Jesse Scholtens, 51, RHP, Wright State (9th round)
If you’re looking for a water cooler stat on Jesse Scholtens, he threw the only NCAA Division I perfect game in 2016, a 1-0 victory over Dayton on March 11. But his résumé out of college is much more than just that. The Wright State ace pitched to the tune of a 2.17 ERA and 10-1 record in 2016 to earn himself an All-Horizon League first team nod. The right-hander’s fastball and curveball are already where they need to be — expect Scholtens to be in the low-90s — but his change-up will need to develop if he hopes to continue as an inning-eater. Speaking of innings, Scholtens threw a lot of them this year, a Horizon League-leading 109, and is no doubt on pace to have his first professional season shortened.
Will Stillman, No. 19, RHP, Wofford (6th round)
Typically in college baseball, a team’s closer is its No. 4 pitcher, behind the three starters. That hasn’t been the case at Wofford the last two seasons because Will Stillman is a legitimate back-end bullpen pitching prospect. As a junior in 2015, he set the program record for saves in a single season with 15, and fell just one save short of the team’s career record this season by adding another nine. That being said, he wasn’t un-hittable against Southern Conference opponents this season; he had an ERA of 3.93 and opponent’s hit .250 against him. But his low-90s heater and 3 useful pitches were at times baffling as he struck out 58 in his 34 innings of work (15.35 K/9), and his control improved greatly, allowing two fewer free passes (19) in 2016 than in 2015 despite pitching five more innings.
Mark Zimmerman, No. 16, RHP, Baldwin-Wallace (33rd round)
The Division III Mideast Region Player of the Year and D-III All-American, Zimmerman was Baldwin-Wallace’s top pitching and hitting prospect. On the mound, he collected a 7-4 record his senior year to go along with a 2.50 ERA and a 10.82 K/9 ratio. At the plate, he slashed .368/.472/.540, all team-highs among guys with 60-plus at bats. The staggering numbers have to be taken with a grain of salt, considering Zimmerman played in the Division III Ohio Athletic Conference, but there’s no denying the right-hander is a gifted athlete, who could be on his way to advancement through the Padres organization if the skill set translates to pro ball.
Kyle Overstreet, No. 6 (14th round in 2015)
Overstreet was drafted out of Alabama in 2015 as a play-making glove in the middle infield. Light hitting prevented him from moving up in the organization as an infielder, but his leadership abilities enticed the Padres management to give him a look behind the plate. With pitcher/catcher speciailist Ben Fritz at the helm for the Dust Devils this season, Overstreet could flourish into a team leader at the catcher position. In his early season stint with Fort Wayne, his hitting improved from his time in rookie ball as he comes to the Tri-Cities with a .267 average on the year in his 30 at bats for the Tin Caps.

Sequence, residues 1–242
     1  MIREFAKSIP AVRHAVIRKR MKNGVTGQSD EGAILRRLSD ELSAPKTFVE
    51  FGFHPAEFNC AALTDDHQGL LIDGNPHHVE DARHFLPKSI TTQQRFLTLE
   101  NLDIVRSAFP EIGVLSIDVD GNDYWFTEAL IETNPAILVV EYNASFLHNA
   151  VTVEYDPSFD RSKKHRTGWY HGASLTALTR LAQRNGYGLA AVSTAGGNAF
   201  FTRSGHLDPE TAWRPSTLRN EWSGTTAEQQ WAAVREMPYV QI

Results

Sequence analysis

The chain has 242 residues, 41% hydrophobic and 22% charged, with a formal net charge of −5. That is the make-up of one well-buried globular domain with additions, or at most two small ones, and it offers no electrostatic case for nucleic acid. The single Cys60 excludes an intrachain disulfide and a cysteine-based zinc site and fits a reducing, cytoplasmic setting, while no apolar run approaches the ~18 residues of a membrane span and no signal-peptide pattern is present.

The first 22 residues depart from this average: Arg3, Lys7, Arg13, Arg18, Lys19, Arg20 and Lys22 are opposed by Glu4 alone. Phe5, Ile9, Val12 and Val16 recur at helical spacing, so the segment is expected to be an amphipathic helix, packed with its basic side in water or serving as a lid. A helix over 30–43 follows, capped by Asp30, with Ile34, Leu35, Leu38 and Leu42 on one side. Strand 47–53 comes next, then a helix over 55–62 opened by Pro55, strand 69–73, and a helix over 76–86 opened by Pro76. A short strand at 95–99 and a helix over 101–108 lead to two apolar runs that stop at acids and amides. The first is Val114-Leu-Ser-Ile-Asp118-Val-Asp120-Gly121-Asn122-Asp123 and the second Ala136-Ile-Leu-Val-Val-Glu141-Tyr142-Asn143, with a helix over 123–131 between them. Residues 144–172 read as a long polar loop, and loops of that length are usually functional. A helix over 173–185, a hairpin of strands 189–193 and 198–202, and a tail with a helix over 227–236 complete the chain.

Hunter Redman, No. 5, Texas Tech (8th round in 2014)
Coming out of Texas Tech, the Los Angeles Dodgers looked like they had a fast-tracked superstar in their 2014 eighth-round draft pick Hunter Redman. It took less than 13 months for Redman to wind up with the Oklahoma City Dodgers, L.A.’s AAA affiliate, but two stints on the disabled list in 2015 quickly ended his time in that organization. The Padres acquired Redman’s contract in January and he spent the first part of the season with high-A Lake Elsinore, where he didn’t have a hit in his eight at bats and struck out four times.
Chris Baker, No. 29, Washington (17th round)
Baker has generated some buzz in the last week because he’s from the UW, and he has a chance to make an impact on this Tri-City squad. Baker had a nice three-year career at Washington, rounding it out with All-Pac-12 and All-Pac-12 defensive team nods his senior year for his .315 batting average and .954 fielding percentage. However, perhaps the most valuable attribute about Baker is his durability because he started the final 116 games of his career with the Huskies, and got to display his versatility his senior year by splitting time between second, third and short. Though his primary position at Washington was the hot corner, he was spending most of his time at shortstop during the team’s first workout on Wednesday.
Nate Easley, No. 3, Yavapai Community College (23rd round)
Son of big league journeyman Damion Easley, Nate was a hero at the plate for Yavapai Community College this season. He slashed .403/.485/.655 for Yavapai and was either the team leader or runner-up in all those categories and had an Arizona Community College Athletic Conference-leading 104 hits in his 69 games. Pro ball is going to be an adjustment for Easley coming straight out of junior college, but the hitting talent is undeniable. Though he played mostly outfield in college, Easley has been working at second base for the Dust Devils.